Tuesday, July 20, 2010

Her Momma is a Moo Cow

Breastfeeding is hard. Who knew someone so small could be so hungry? Who knew she could make me so sore and tired? I sure didn't, and the first few weeks of breastfeeding my daughter were very difficult for me. To shed some light on the situation, when my baby frantically tried to latch on to my sore breasts, I started singing "her momma is a moo-cow! A moo-cow moo-cow!" It seemed so ridiculous, I would laugh at the idea, and nursing eventually became a painless endeavor. Four months have passed, and I am still going strong, despite a few bumps (pun intended), not the least of which has been the attitudes of others toward breastfeeding mothers.
In fact, the more I think about our society's weird breastfeeding hang-ups, the more irritated I get. The CDC's national Breastfeeding Report Card for 2009 reports that I, and any other exclusively breastfeeding moms that make it to month four are in the minority. Nationally only a third of babies are exclusively breastfed at three months. In NC that number is even lower. What's this all about? The American Association of Pediatrics recommends that mothers breastfeed exclusively for six months and continue to breastfeed for at least a year, so why aren't we listening? Well, my own experience so far tells me that a society that sees drug abuse, sex, sexual violence, murder, assault, and more everyday on the television is somehow really offended or embarrassed by the sight of a female breast in a baby's mouth.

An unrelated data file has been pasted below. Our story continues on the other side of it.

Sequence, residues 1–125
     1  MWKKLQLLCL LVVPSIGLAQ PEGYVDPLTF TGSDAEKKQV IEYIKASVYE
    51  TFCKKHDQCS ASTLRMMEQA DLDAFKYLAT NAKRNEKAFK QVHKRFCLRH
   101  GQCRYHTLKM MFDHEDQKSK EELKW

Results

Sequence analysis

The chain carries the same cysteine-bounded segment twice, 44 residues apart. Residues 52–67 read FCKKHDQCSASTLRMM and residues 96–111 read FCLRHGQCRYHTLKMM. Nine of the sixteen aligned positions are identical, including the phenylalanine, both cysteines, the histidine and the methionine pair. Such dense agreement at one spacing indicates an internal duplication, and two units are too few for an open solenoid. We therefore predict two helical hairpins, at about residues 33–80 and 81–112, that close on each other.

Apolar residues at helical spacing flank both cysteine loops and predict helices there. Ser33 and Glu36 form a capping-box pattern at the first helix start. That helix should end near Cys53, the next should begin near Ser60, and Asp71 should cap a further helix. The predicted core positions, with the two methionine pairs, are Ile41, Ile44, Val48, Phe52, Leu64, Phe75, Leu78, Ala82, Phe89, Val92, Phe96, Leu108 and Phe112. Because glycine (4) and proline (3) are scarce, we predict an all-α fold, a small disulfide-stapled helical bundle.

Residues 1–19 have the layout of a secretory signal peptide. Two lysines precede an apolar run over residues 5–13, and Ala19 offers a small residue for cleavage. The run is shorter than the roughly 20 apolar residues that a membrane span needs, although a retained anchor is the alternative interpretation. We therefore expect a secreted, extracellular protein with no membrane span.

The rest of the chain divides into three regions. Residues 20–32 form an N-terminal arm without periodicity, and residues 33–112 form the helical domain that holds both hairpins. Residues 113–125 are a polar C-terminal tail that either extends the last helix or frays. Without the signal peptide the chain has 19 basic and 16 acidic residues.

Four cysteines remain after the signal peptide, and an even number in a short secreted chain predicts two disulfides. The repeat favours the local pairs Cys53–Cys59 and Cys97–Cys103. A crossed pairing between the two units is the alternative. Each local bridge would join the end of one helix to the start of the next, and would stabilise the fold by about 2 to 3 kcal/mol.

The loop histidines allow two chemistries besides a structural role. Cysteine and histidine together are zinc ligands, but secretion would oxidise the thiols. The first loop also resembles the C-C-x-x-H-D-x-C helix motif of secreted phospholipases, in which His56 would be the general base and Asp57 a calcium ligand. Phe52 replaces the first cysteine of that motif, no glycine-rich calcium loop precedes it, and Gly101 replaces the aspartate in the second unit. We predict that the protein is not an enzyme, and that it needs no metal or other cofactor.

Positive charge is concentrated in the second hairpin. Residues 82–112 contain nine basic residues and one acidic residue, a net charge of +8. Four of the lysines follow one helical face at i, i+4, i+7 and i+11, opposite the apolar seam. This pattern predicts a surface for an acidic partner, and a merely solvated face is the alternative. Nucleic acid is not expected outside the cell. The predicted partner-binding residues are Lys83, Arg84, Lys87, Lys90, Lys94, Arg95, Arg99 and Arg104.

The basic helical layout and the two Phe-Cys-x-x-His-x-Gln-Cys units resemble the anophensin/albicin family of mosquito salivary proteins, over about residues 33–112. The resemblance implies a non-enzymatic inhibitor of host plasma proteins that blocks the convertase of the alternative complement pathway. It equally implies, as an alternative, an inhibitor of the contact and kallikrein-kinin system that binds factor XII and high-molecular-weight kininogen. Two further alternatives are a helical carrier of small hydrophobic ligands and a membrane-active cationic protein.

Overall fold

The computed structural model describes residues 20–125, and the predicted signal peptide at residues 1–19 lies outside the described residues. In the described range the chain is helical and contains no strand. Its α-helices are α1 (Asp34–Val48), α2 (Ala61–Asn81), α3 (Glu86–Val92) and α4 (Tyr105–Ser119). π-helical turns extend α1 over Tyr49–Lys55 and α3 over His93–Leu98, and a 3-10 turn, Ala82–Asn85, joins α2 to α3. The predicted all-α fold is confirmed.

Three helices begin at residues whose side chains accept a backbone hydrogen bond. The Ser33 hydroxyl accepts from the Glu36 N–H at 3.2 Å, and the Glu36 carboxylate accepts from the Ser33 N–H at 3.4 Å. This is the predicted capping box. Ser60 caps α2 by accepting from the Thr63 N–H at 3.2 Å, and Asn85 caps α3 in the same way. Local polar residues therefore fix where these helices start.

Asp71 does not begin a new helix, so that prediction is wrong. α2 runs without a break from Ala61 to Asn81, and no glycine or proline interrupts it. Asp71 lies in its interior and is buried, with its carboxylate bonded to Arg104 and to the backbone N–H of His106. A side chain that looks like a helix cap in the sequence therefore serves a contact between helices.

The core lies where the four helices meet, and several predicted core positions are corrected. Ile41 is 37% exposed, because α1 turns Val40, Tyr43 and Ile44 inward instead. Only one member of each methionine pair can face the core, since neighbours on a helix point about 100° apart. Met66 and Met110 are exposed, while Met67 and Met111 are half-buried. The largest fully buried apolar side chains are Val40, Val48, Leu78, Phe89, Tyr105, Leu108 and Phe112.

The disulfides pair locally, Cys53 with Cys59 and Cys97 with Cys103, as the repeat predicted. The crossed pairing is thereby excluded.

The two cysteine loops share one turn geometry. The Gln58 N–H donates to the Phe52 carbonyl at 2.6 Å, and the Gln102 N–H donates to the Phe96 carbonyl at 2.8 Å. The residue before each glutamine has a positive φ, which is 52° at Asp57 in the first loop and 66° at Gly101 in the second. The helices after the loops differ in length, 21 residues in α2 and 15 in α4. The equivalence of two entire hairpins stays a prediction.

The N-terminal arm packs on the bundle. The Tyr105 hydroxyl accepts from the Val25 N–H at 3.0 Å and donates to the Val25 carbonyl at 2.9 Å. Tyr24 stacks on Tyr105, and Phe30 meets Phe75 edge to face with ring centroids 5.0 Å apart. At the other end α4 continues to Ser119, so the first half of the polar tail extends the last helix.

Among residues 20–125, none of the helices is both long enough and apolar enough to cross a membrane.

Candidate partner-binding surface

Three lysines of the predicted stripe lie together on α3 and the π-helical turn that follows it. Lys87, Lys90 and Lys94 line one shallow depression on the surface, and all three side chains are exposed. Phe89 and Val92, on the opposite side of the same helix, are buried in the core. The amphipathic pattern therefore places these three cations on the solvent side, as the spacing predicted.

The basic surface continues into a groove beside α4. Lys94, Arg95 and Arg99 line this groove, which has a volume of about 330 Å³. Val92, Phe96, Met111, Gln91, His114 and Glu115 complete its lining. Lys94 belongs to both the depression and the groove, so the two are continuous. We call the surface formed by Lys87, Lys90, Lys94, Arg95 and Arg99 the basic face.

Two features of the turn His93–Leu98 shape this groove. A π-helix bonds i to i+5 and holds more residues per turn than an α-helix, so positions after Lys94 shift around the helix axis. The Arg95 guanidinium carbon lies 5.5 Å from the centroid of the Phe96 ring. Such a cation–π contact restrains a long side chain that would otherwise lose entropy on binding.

My older sister, who lives in NYC and sees all kinds of vulgar and oddball goings on every day of her life, seemed more than a little abashed when I told her I was breastfeeding during a recent skype conversation. My younger sister informed me during a visit that she had "warned" her boyfriend that I was breastfeeding, but had assured him that I wouldn't feed my daughter in front of him. She was wrong. In a later discussion from the same visit, I asked her if she planned on breastfeeding when she had kids. "I might pump..." she responded hesitantly.
When I asked my mother how long she breastfed my five sisters and I, she said "I think the longest I went with any of you was three and a half or four months. I wasn't trying to make a career out of it."